To see videos of arthroscopic and open biceps tenodesis please go to: http://www.rearmyourselftexas.com/shoulder/biceps-tendon-disorders-at-the-shoulder/
I believe that Luck has proven that nonoperative treatments aren’t currently effective for him. In my opinion, what Luck needs is to return to the operating room for an examination of his shoulder while he’s under anesthesia to detect any residual instability. This would be followed by an arthroscopic re-evaluation of his shoulder and debridement of any remaining rotator cuff tendinopathy. If the biceps is thought to be problematic, an open tenodesis, which is stronger and allows for quicker rehabilitation than an arthroscopic tenodesis, could be performed. But then again, nobody’s asked me.
Instead Luck, who is said to be fairly headstrong, went to Europe to seek treatment. Probably for a stem cell injection. This is not a positive development. Stem cells have no proven efficacy for anything yet, let alone problems in the throwing shoulder of an elite athlete. This is the injured players equivalent of a Hail Mary. But, as you know, most Hail Marys fail. You can ask Ryan Tannehill how great stem cells worked on his partially torn ACL that subsequently fully ruptured, causing him to miss the entire season.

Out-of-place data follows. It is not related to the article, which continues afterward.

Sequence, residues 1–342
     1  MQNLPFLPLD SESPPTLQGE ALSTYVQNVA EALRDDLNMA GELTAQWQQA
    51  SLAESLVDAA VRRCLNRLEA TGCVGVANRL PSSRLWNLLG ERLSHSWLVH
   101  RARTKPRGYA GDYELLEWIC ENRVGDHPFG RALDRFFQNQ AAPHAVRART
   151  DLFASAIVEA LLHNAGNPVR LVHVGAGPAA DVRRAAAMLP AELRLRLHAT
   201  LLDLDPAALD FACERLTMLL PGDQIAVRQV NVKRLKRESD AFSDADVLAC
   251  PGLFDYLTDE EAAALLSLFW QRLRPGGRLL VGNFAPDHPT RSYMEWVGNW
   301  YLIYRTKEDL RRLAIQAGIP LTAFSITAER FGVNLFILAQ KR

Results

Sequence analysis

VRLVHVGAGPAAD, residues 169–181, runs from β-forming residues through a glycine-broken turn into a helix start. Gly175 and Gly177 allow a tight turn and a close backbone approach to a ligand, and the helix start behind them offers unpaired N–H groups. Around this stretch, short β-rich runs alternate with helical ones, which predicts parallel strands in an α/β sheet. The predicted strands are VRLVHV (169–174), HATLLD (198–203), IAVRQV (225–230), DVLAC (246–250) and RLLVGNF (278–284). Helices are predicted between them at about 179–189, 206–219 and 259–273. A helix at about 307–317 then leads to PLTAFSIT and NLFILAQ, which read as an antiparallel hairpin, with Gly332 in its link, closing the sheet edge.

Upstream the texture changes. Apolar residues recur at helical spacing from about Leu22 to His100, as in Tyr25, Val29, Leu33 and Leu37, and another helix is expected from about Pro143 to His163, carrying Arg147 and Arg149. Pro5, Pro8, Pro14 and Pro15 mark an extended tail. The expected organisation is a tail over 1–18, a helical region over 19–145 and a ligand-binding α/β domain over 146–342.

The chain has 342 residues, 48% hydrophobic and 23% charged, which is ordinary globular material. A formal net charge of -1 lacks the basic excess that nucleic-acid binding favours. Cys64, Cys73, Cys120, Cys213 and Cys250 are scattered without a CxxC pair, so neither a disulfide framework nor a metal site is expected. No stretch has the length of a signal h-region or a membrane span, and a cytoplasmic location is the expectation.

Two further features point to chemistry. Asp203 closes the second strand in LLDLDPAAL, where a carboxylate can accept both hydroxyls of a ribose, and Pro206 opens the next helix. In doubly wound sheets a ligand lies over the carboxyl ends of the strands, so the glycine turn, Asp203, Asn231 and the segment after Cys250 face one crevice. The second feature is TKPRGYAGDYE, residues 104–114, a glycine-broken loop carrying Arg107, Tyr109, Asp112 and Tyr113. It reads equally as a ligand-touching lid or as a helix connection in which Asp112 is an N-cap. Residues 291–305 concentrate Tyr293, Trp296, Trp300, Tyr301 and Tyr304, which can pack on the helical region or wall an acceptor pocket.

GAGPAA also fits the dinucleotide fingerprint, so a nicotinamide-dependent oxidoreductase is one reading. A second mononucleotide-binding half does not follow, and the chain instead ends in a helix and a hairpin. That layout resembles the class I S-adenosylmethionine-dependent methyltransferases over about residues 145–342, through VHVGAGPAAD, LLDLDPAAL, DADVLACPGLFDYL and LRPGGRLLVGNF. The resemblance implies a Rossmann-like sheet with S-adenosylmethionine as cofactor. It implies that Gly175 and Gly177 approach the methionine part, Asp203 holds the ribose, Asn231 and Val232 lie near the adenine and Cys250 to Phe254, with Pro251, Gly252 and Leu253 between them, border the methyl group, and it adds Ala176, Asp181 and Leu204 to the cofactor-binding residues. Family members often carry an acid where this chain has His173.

So where are we? Basically we’re unsure – again – if Luck will be ready for next season; the clock is already ticking. And we’re unsure if he’ll ever be 100 percent again. Any of the aforementioned issues could affect his throwing accuracy, strength (ability to throw deep balls), stamina (production late in games), confidence to throw into tight windows, willingness to risk further contact by running, etc.
Ian Rapoport reported that Luck’s current problems are due to changes in his throwing mechanics and ‘overcompensation’ from playing for nearly two seasons on an unstable shoulder. This strongly suggests a rotator cuff problem, which can then lead to biceps problems. Stem cell injections suggest a cartilage injury, although they could have been injected into his biceps tendon, or his rotator cuff, under ultrasound guidance. I’ve never examined Luck, scoped his shoulder, or seen his operative report so I can’t be sure. But I can be sure that, unless I see Luck throwing at 100 percent before next season, I’ll be downgrading all Colts players on my draft board.